Paris Launches Metro Cards, Phases Out Paper Tickets after 120 Years

Paris has set out to completely phase out its paper Metro tickets and replace them with something more convenient, reports Lonely Planet. After nearly 12 years of using paper, Paris is making a shift to metro cards.

A paper-less transition for commuters using the Metro

On Wednesday, the city officials launched ‘Navigo Easy’ which is a contactless, reusable plastic card. This will replace single-use cardboard tickets that commuters have been using to board the Metro for the last 120 years. This new travel pass is similar to London’s Oyster Card and only costs €2. It can be topped up with credit at counters and machines in stations throughout Paris.

It is mainly aimed at tourists and occasional Metro users because it doesn’t require a photo ID for purchase. This is unlike the Navigo Decouverte (the city’s multi-use seven-day pass card) which has been in use for years.

Paper tickets used at Paris Metro that will be replaced by the new metro cards. (Source: Wikimedia Commons)

After its launch, the Navigo Easy card will only be available for the Paris Metro, OrlyBus and RoissyBus services. Eventually, it will grow to include the whole public transport network in the Île-de-France region. By the end of the year, it is expected that commuters will be able to top up their new cards from their smartphones. The Metro fare will remain unchanged – €1.90 (US$2.15) for a single-trip ticket and €14.90 (US$16.86) for ten trips.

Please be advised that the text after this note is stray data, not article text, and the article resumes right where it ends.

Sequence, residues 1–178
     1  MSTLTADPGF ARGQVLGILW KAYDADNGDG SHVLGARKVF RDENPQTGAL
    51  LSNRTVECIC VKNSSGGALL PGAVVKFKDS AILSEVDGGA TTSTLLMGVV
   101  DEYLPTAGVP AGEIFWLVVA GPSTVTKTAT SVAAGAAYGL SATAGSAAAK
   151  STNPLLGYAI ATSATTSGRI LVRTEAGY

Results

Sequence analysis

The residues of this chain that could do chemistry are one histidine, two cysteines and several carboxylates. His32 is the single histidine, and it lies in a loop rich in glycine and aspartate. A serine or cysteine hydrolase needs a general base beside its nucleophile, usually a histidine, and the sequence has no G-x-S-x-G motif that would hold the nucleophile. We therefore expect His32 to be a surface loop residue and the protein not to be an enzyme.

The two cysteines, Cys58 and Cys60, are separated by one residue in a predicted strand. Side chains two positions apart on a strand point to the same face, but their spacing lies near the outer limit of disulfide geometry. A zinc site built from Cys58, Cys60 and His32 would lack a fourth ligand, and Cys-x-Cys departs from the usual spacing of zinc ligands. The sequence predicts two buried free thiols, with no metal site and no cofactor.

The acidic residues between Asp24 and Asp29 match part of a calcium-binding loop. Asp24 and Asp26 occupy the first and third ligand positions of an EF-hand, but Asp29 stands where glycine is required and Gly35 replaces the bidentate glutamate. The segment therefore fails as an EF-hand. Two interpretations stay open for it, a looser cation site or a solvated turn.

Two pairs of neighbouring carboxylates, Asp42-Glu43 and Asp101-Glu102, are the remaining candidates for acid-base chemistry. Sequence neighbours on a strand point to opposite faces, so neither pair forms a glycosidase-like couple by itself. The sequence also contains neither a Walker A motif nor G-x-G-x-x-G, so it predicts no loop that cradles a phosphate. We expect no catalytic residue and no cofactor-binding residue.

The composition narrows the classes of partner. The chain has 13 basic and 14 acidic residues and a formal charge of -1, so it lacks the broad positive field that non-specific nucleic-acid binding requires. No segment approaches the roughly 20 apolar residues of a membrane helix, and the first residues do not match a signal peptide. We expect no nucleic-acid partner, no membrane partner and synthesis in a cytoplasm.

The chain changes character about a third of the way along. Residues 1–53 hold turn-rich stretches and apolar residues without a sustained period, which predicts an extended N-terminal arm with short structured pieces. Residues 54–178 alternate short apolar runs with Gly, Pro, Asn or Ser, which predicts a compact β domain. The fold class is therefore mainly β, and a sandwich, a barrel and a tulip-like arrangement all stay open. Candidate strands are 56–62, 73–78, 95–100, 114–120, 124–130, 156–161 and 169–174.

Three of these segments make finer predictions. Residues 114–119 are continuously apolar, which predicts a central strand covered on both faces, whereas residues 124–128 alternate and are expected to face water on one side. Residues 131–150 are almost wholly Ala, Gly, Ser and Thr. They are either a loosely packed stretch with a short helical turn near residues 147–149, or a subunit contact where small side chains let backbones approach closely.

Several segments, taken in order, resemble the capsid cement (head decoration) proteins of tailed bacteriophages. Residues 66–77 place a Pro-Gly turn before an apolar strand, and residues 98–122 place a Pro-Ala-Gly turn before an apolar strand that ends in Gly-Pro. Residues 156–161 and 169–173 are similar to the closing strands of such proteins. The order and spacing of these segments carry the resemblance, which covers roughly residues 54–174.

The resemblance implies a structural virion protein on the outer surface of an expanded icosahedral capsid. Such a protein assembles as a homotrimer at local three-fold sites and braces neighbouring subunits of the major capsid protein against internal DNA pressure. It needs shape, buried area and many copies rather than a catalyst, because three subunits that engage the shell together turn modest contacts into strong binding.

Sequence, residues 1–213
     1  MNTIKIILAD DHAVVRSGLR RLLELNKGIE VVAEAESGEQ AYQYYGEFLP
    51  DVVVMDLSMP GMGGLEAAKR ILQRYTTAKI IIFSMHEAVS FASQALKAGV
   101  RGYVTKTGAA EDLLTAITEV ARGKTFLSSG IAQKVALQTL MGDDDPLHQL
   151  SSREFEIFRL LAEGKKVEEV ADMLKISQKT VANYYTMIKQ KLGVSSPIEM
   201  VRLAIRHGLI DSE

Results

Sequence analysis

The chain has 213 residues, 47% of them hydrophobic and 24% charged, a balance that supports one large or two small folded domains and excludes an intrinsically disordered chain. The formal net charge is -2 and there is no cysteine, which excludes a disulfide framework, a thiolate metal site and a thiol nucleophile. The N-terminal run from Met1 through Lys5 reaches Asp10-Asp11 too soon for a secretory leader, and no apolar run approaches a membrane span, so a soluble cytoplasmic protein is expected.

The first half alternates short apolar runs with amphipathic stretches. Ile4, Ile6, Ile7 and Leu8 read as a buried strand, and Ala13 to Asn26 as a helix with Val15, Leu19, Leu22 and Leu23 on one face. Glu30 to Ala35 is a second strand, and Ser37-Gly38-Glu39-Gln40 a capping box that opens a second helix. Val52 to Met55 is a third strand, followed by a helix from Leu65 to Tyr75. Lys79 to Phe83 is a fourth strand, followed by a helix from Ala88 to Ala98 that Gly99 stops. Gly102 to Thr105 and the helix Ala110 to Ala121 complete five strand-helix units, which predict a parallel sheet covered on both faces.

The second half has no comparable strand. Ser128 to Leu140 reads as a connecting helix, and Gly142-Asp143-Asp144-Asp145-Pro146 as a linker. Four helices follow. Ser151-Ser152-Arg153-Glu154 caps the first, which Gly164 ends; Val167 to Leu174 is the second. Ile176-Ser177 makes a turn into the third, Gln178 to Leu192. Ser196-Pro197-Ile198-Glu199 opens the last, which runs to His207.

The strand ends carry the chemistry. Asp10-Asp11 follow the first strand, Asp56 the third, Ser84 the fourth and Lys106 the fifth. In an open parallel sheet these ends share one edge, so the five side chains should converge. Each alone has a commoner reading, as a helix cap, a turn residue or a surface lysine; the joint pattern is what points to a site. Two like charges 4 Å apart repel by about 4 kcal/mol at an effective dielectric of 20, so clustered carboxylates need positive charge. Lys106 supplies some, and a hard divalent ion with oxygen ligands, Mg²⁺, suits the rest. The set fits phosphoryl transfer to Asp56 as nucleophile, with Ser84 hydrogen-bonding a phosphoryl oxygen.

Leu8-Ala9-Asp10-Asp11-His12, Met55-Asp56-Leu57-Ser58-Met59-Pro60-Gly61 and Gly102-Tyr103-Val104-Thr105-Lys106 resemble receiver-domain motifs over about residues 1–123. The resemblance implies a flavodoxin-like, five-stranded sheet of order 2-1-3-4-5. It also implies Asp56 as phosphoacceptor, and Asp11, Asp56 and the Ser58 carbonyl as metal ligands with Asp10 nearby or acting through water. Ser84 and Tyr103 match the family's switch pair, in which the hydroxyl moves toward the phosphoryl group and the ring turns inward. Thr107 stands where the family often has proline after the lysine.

The new card is eco-friendly, will save paper

This new card is an environmentally sustainable option. Valerie Pécresse, the head of public transport in Paris, said at a press conference, “A ticket thrown on the ground takes a year to decompose. We have been late when it comes to [adopting sustainable options for] the ticketing system.”

Also Read: Most Beautiful Metro Stations from all around the world

Since the first line of the Paris Metro opened in 1900, white coupon-like paper tickets have been used by commuters. Almost 550 million of these single-trip tickets are bought every year. However, they’ll no longer be distributed after summer 2020.


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